DENNIS-TIWARY: Anxiety is on a spectrum. It's more of a dimmer switch than a light switch, you know, that you flick on and off. So you know, anxiety is experienced from just excitement, a sort of sense of butterflies in your stomach, all the way over to panic. But even frequent and intense experiences of anxiety are not enough to diagnose an anxiety disorder. We only diagnose them when the ways that we cope with anxiety are actually getting in the way of living a full life. So I might feel socially anxious. I might feel anxious about having an interview with a wonderful journalist. And I can feel all those feelings. But if I'm starting to cope with that nervousness in ways that cause me to refuse to do the interview, that cause me not to leave my home, that cause me not to be able to go to work or be with loved ones, it's those coping approaches that are getting in my way that would lead to a diagnosis of an anxiety disorder.

MARTÍNEZ: How similar is all of this to, say, physical training, when an athlete recognizes the difference between the discomfort of pushing your body to the limits or recognizing the pain of an actual injury?

DENNIS-TIWARY: I love that metaphor, to compare mental health with physical health, because if we stopped thinking of all mental illness or mental challenges like anxiety as a disease and instead thought of them as health, as a positive state like fitness to work towards, we do a few really important things differently. First of all, we'd know that it wasn't black and white, that you either have mental health or mental illness and you'd be working towards this positive goal. You'd engage in the stress and strain sometimes of tolerating some of these uncomfortable experiences, knowing that you're not vulnerable, that you're actually not fragile, you're not going to break into a million pieces, you're antifragile. I think we'd also realize that prevention is key. So rather than wait until we've reached some sort of a debilitating experience of emotional distress, we would actually get in front of it. We'd say, hey, I'm experiencing anxiety right now, I'm experiencing these difficult emotions, what are these emotions telling me? How can I work with them? How can I get support when I need it so that then it becomes a positive, active pursuit of mental health?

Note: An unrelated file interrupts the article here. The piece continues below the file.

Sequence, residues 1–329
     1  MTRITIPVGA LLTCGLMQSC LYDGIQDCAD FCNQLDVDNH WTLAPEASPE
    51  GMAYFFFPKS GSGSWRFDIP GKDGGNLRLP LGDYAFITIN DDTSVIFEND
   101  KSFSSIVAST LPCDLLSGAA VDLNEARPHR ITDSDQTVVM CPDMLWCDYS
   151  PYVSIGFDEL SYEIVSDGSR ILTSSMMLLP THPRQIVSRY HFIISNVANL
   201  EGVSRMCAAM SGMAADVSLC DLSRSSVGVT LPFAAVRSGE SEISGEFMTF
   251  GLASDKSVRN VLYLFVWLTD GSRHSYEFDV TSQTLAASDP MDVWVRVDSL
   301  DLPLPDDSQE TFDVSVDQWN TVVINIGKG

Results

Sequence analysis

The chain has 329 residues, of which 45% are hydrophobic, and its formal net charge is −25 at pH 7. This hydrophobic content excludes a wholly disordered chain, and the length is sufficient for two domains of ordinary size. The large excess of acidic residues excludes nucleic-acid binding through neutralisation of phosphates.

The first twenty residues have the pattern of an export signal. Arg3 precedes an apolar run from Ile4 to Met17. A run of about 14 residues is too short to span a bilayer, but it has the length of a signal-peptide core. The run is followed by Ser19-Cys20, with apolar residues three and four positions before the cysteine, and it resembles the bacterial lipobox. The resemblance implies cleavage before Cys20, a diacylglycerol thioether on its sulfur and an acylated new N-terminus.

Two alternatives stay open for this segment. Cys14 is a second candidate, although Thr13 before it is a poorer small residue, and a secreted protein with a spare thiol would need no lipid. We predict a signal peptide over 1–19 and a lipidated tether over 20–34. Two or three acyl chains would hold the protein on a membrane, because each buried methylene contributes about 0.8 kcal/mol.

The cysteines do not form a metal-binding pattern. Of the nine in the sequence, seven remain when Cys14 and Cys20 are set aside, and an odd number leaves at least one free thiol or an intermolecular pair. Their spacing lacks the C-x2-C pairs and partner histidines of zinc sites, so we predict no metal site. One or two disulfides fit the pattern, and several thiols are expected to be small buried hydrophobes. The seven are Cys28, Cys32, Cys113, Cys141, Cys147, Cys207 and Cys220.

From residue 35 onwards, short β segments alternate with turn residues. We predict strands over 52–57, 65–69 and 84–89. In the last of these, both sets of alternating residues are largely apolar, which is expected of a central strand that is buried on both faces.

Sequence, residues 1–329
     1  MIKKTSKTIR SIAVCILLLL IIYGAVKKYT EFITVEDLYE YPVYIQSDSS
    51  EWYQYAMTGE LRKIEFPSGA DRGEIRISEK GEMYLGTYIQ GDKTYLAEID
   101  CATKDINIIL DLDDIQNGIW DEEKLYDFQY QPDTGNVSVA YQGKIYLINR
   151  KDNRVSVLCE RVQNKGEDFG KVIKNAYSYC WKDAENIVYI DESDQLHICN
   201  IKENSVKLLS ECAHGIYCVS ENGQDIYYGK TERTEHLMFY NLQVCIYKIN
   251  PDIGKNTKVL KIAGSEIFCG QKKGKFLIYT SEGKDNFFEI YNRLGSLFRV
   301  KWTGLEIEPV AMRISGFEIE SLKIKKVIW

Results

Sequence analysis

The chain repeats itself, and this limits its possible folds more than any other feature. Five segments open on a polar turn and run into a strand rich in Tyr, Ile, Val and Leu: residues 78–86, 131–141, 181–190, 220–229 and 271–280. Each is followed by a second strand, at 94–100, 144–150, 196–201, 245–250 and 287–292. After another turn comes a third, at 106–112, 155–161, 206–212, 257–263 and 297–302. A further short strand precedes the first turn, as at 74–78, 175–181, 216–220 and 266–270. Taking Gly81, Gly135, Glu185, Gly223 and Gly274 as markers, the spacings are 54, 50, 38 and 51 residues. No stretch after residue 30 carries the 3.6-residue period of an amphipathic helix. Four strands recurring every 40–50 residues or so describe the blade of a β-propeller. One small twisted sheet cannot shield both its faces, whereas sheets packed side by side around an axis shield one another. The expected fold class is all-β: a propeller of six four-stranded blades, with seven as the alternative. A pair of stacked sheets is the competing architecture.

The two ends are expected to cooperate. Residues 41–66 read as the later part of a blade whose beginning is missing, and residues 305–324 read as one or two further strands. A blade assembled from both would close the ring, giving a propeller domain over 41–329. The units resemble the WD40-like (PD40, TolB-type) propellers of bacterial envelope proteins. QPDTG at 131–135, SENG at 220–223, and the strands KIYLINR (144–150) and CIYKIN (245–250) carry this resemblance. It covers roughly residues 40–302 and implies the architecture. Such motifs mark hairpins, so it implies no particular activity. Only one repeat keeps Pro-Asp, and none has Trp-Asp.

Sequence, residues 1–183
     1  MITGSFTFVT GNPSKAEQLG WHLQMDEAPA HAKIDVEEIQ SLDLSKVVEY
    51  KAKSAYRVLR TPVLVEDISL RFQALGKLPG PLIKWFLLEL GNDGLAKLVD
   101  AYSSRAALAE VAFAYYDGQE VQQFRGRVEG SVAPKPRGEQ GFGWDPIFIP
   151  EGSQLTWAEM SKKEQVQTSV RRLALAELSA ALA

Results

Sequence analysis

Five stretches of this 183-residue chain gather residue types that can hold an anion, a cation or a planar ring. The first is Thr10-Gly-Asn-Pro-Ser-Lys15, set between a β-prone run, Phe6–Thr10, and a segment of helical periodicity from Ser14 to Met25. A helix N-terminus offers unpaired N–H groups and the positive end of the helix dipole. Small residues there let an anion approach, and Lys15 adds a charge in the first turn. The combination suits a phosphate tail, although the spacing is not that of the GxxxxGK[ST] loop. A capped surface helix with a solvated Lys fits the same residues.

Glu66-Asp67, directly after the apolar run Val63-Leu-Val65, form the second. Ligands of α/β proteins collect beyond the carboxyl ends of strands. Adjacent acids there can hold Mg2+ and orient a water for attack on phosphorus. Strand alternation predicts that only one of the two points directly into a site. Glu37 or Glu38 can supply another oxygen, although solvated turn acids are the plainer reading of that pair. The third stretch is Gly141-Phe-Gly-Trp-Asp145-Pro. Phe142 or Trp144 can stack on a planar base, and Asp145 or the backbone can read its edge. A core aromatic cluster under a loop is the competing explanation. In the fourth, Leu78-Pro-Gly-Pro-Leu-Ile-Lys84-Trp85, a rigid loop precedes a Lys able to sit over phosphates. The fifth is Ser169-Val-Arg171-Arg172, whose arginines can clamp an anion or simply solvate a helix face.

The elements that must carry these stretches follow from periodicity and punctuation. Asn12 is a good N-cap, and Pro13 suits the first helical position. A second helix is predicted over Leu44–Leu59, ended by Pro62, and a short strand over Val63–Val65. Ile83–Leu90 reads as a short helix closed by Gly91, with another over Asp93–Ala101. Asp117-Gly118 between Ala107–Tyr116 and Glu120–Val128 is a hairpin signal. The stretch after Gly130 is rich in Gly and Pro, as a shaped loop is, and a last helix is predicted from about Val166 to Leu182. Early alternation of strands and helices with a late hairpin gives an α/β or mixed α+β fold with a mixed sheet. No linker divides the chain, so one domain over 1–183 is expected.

MARTÍNEZ: Are you saying that anxiety is a good thing?